TeenLife Blog

Supporting teen success, one post at a time

Boost Your High School Resume by Volunteering This Summer

Posted by | View Comments

high-school-teen-summer-volunteer

It’s tempting for high school students to spend summer hanging out with friends, sleeping past noon, and attempting to do absolutely nothing. And while it’s true that down time for growing teens is absolutely necessary, too much is neither a healthy option nor the wisest choice if college is in their future.

Encouraging high school students to get out and have some worthy, productive summer experiences is super important – for parents and for them – especially for those students hoping to score a scholarship or two. And even if teens are working, attending a teen summer program, or taking an online AP class this summer, they should be doing some community service. It can be fun, engaging, educational, and boost their high school resumes.

Volunteer jobs are a great way for high school students to show colleges they care about their communities and the greater world and want to make a positive impact on society.

Not sure where to start? Here are some suggestions for finding summer community service activities for high school students:

Let service say something about you.

Start with what your community needs and then think about where your student’s personality, skills and passions fit in. Volunteering can demonstrate a student’s interest and also be a way to explore career options and potential majors. Community service allows students to obtain hands-on experience in a professional field, develop skills such as discipline and teamwork, and get to know potential mentors. For example, tutoring elementary school kids, working in a hospital, or helping at an animal shelter, suggest a student is compassionate and dedicated. Helping with water testing, trail clean-up, or tree planting, suggests an interest in STEM or the environment. Volunteering in a hospital, lab, or clinic reflects an interest in medicine or health care.

Reach out to community organizations.

There are probably many opportunities within your community to support nonprofits. For example, a local shelter might need someone to collect clothing or books, sort food donations, read to children, or teach tech skills to adults. A library might need someone to help patrons with job searches, computer training, or resume writing. A museum might be looking for tour guides or helpers for an event. The needs are endless and varied. Some organizations may have special programs for teenage volunteers.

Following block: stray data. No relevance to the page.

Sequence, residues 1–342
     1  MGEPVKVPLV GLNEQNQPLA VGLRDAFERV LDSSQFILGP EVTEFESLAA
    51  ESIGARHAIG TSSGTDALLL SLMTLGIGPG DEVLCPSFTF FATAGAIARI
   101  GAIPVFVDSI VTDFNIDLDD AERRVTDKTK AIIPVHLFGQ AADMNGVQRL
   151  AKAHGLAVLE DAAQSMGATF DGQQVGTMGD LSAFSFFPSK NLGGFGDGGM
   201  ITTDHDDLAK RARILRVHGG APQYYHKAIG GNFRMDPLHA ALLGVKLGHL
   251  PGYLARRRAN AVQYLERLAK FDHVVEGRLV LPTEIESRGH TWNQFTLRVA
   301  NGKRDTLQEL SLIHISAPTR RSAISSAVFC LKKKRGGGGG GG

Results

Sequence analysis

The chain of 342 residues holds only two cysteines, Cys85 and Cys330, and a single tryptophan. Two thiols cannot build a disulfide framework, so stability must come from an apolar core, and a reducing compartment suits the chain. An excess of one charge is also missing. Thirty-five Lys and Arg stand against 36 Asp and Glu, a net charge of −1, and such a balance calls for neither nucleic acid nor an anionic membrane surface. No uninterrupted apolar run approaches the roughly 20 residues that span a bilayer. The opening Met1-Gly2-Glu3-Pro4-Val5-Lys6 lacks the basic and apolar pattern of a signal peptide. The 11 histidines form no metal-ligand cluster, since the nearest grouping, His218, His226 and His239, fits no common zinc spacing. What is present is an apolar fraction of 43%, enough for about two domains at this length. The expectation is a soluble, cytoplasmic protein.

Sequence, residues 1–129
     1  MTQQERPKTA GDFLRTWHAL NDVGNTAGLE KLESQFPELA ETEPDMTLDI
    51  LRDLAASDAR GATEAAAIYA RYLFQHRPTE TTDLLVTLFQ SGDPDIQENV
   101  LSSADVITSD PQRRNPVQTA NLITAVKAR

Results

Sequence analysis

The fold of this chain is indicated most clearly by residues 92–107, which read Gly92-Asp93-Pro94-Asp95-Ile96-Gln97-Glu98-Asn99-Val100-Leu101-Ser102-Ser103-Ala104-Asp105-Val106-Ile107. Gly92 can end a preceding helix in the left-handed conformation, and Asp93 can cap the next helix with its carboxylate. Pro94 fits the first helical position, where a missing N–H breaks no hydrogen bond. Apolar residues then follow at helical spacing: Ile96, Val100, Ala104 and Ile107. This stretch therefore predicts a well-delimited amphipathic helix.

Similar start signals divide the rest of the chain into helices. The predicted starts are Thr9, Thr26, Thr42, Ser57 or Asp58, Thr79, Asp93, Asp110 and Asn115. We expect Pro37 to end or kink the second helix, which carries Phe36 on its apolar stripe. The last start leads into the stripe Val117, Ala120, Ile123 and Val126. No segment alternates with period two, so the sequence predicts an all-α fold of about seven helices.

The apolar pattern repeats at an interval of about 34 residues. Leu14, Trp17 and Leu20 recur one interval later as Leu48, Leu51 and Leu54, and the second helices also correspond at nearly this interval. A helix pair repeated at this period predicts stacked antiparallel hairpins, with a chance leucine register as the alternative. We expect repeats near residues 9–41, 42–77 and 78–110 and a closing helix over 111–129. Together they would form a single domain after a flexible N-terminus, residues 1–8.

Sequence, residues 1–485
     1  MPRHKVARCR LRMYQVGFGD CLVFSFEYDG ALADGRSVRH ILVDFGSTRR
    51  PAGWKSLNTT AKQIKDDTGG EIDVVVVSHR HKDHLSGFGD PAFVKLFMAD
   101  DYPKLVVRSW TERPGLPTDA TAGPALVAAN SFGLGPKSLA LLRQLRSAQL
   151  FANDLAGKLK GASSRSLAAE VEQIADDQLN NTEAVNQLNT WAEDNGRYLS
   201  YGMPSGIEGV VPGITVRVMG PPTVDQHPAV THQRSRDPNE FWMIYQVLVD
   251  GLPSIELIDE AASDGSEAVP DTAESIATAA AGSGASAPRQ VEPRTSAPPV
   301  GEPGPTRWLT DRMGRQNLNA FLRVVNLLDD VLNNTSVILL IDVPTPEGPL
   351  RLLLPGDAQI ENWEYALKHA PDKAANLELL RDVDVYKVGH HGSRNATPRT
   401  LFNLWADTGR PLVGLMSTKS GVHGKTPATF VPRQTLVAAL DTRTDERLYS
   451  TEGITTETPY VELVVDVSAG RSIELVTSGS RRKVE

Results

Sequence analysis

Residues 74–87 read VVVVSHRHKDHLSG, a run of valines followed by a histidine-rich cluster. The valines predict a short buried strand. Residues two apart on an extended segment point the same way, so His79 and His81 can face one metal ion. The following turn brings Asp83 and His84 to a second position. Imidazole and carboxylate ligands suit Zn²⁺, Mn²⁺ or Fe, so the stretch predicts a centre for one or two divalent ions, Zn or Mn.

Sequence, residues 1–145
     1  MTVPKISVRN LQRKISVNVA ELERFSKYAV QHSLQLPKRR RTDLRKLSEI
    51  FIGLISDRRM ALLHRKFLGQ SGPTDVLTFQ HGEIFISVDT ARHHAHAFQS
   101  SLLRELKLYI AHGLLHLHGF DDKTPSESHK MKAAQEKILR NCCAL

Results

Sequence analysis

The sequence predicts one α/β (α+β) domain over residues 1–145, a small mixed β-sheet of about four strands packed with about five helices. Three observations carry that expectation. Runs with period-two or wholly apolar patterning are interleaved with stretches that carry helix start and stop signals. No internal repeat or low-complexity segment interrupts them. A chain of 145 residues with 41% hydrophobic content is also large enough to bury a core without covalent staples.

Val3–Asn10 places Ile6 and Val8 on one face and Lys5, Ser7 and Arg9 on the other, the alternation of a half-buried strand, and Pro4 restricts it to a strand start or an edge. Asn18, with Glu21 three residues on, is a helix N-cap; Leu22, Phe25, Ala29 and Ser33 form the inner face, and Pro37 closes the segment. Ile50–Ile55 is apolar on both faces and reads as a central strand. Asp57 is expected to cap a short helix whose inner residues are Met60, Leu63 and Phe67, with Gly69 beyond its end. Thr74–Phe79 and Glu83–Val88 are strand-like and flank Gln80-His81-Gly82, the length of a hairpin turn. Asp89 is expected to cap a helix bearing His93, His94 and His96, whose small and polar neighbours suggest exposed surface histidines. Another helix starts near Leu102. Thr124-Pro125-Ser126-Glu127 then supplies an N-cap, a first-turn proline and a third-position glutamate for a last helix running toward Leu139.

Create a service project and recruit volunteers.

DoSomething.org offers students the option to join any of many existing community service campaigns. Students who don’t find one they like can create their own service project. This might include organizing a charitable event, gathering donations, or recruiting volunteers. Wherever your student sees a need in the community, it’s a chance to create a project and spearhead its execution. Or, use social media to drum up interest in a cause – “Clean up the Park Day!” – and recruit volunteers.

Try an organized summer community service program.

There are many volunteer programs designed to give high school students a community service experience focused around a specific interest. For example, high school students who participate in the Summer Student Ambassador with Junior Volunteer Program receive a behind-the-scenes look at health-care careers. The program targets high school students who may be interested in pursuing a career in health care, but all students are invited to apply.

Volunteer abroad and think globally.

Service within the global community expands high school students’ minds and looks good on a high school resume and college applications. Programs like Global Leadership Adventures, which offers volunteer opportunities in Africa, Europe, Asia, and Latin America, are a chance to get a better understanding of the world while earning community service hours. Your high school student will undoubtedly achieve new levels of maturity, focus, and tolerance while abroad. Being immersed in a foreign culture can be a life-changing experience.

Any of the above summer activities will add to your student’s community service hours and serve to impress college admissions officers. With college admissions becoming more competitive, students should seek ways to stand out on their application. Adding community service hours to a resume will serve that purpose.

Get More Great Content Here!

Written by Suzanne Shaffer

Suzanne Shaffer counsels parents and students in the college admissions process and the importance of early college preparation. Her Parents Countdown to College Coach blog offers timely college tips for parents and students, as well as providing parents with the resources necessary to help their college-bound teens navigate the college maze.

comments powered by Disqus